How the Boston Marathon Bombings Are Affecting the Event Industry

Organizers of marathons and other large public events are considering increased security measures following the bombings at the Boston Marathon.
Organizers of marathons and other large public events are considering increased security measures following the bombings at the Boston Marathon.

The bombings that struck the Boston Marathon on Monday and left the city shaken have put the rest of the country on high alert. For the event industry, the biggest question is the security at running events as well as large public gatherings.

Track Shack Events co-owner Jon Hughes experienced Monday’s events as both a runner and an event producer. His company produces or consults on more than 40 running events around the country each year, and about 45 members of its running group had traveled from Orlando to Boston for the event.

“We were up there when the blasts went off,” said Hughes, who had finished the race and was headed back to his hotel when the twin explosions happened. “We were only a block away; we could see the smoke. People were just flying down the street to get away from the blast.”

No one from his group was harmed, but he said the tragedy would undoubtedly have an effect on future road races. The company is still planning to produce the IOA Corporate 5K in downtown Orlando on Thursday, which Hughes expects to draw 16,000 runners. Orlando police said in a statement they would have more officers patrolling the event, and Hughes said he would be meeting with police to talk about any changes to the security plans.

Hughes pointed out that events typically have security for V.I.P. sections but not for the general population of fans who can wander up to race routes that wind through city streets.

“As an event producer you wonder how this will change the landscape now,” he told BizBash from Boston. “What more can we do? What’s going to be required? It’s really hard to say. Running events will not stop. We just don’t know what’s ahead as far as security and all. I think all races do a really good job regarding the runners, in particular ever since 9/11. But it’s difficult to try to protect spectators.”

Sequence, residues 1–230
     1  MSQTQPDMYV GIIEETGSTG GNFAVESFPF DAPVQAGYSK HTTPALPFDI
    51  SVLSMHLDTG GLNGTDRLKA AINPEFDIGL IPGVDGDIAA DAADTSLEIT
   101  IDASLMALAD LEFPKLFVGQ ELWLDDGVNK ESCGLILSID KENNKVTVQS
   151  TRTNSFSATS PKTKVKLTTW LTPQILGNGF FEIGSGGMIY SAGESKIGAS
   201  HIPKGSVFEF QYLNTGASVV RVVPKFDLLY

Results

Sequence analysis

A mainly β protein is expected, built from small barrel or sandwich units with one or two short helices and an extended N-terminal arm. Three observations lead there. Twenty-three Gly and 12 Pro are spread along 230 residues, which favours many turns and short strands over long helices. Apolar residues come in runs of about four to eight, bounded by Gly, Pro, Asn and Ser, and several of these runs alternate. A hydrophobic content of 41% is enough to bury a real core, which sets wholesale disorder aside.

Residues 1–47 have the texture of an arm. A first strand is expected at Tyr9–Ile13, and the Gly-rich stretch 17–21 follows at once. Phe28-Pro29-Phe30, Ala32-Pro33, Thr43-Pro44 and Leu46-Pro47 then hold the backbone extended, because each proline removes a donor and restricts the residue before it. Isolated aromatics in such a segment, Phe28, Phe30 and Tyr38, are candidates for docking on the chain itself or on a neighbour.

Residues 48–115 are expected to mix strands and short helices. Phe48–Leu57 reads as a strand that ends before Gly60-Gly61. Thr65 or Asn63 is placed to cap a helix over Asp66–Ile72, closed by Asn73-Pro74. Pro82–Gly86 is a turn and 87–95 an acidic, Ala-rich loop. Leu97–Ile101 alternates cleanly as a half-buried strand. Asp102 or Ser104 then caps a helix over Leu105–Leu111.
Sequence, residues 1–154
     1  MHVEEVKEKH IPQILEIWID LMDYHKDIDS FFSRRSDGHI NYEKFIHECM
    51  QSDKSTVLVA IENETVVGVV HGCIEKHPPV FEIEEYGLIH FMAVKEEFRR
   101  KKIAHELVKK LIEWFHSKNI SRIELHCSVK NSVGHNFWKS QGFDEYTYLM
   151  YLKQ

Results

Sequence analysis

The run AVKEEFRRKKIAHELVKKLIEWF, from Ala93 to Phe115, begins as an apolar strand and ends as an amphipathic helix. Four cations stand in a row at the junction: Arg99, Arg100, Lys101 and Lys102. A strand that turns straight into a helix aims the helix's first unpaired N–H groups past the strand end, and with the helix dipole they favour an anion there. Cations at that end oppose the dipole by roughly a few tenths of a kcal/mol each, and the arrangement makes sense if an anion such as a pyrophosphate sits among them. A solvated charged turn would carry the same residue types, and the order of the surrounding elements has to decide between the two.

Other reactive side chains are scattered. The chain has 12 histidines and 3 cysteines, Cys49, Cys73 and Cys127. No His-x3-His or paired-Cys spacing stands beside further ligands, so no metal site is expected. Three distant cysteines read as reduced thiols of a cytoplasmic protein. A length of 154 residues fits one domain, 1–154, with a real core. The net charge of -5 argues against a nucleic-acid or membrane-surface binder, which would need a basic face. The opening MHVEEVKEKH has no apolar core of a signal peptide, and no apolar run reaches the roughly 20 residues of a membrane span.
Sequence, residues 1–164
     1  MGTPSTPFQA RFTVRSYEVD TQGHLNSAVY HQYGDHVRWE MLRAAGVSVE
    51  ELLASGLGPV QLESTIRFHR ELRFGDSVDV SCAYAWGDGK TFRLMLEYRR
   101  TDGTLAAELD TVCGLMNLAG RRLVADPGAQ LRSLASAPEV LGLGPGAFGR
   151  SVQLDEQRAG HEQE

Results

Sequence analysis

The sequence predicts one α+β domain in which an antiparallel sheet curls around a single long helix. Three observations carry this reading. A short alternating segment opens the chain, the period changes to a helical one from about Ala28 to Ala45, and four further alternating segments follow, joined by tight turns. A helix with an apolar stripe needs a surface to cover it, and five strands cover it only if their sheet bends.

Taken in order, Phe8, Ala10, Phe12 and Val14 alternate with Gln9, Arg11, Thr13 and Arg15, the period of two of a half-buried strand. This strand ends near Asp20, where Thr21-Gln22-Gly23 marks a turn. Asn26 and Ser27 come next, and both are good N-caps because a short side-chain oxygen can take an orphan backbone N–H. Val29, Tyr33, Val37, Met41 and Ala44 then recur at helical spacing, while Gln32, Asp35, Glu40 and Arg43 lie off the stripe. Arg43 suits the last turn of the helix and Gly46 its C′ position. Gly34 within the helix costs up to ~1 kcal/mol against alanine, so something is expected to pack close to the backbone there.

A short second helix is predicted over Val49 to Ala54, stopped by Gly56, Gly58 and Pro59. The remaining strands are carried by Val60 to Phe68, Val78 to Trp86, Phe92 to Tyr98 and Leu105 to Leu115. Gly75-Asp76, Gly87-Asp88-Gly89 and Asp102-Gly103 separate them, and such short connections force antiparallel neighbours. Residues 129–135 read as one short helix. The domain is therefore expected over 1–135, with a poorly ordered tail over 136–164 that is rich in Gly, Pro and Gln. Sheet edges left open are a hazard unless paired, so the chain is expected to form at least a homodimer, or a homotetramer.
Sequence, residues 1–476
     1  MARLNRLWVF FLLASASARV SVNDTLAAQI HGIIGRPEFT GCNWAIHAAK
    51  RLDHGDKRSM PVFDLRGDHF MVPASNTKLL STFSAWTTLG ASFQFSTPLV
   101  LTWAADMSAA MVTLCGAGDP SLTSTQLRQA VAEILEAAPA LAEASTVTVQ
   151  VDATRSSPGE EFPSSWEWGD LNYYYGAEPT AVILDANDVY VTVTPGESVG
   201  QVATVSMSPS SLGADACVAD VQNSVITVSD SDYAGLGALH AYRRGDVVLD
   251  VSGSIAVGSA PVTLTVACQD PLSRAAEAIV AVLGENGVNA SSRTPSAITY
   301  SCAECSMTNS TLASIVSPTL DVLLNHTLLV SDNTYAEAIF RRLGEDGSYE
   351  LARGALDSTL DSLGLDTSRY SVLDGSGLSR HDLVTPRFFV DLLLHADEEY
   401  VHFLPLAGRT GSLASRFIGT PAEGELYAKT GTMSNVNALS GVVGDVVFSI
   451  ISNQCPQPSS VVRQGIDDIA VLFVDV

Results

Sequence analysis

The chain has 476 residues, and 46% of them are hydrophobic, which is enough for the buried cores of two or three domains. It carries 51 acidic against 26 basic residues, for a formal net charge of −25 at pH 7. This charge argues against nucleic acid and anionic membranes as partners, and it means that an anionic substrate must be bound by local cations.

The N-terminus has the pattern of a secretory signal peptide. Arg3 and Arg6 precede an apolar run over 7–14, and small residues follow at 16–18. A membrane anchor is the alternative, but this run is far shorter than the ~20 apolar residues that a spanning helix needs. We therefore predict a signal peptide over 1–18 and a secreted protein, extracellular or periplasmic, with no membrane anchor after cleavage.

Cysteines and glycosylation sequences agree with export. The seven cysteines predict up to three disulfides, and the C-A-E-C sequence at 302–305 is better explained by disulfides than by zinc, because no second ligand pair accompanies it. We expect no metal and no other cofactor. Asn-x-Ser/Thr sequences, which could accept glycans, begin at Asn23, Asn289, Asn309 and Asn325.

Race organizers across the globe are proceeding with their events, but they're reviewing security plans. The Virgin London Marathon will take place as scheduled on Sunday with a few changes to mark the tragedy. Before the elite men's race and mass start, there will be a 30-second moment of silence, and all runners will be encouraged to wear black ribbons to honor the bombing victims.

"We want to reassure our runners, spectators, volunteers, and everyone connected with the event that we are doing everything to ensure their safety and that the Virgin London Marathon 2013 is an outstanding success," London Marathon chief executive Nick Bitel said in a statement.

New York City Mayor Michael Bloomberg told reporters Monday he expected the ING New York Marathon to continue as scheduled. Registration for the race opens April 24. In a statement, New York Road Runners president and C.E.O. Mary Wittenberg said: “The safety and security of all New York Road Runners’ races is and will always be our top priority. We will continue to work hand in hand with the City of New York and the N.Y.P.D. as we plan for upcoming events.”

Two running events are scheduled in New York this weekend—the 9/11 Memorial 5K Run/Walk and Family Day and City Parks Foundation Run for the Parks in Central Park. “We are certainly re-evaluating them in light of the event that took place yesterday,” Police Commissioner Ray Kelly said. He also noted that although the city has not had specific threats, police officers have increased their presence at hotels and landmarks such as the Empire State Building and Rockefeller Center. Similarly, in Los Angeles, bomb-squad personnel and dogs patrolled the the Dodgers-San Diego Padres baseball game Monday, The Los Angeles Times reported.

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